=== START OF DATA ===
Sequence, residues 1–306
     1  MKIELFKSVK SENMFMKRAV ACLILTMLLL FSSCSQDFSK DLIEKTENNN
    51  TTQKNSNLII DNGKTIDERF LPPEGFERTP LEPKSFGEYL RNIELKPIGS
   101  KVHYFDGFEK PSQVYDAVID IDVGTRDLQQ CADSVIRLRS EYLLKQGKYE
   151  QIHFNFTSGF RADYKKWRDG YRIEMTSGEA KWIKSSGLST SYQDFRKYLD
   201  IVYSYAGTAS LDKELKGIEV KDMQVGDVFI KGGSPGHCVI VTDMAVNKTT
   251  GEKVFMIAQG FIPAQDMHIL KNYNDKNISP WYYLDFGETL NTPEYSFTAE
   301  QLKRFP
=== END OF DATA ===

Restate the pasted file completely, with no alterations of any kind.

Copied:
Sequence, residues 1–306
     1  MKIELFKSVK SENMFMKRAV ACLILTMLLL FSSCSQDFSK DLIEKTENNN
    51  TTQKNSNLII DNGKTIDERF LPPEGFERTP LEPKSFGEYL RNIELKPIGS
   101  KVHYFDGFEK PSQVYDAVID IDVGTRDLQQ CADSVIRLRS EYLLKQGKYE
   151  QIHFNFTSGF RADYKKWRDG YRIEMTSGEA KWIKSSGLST SYQDFRKYLD
   201  IVYSYAGTAS LDKELKGIEV KDMQVGDVFI KGGSPGHCVI VTDMAVNKTT
   251  GEKVFMIAQG FIPAQDMHIL KNYNDKNISP WYYLDFGETL NTPEYSFTAE
   301  QLKRFP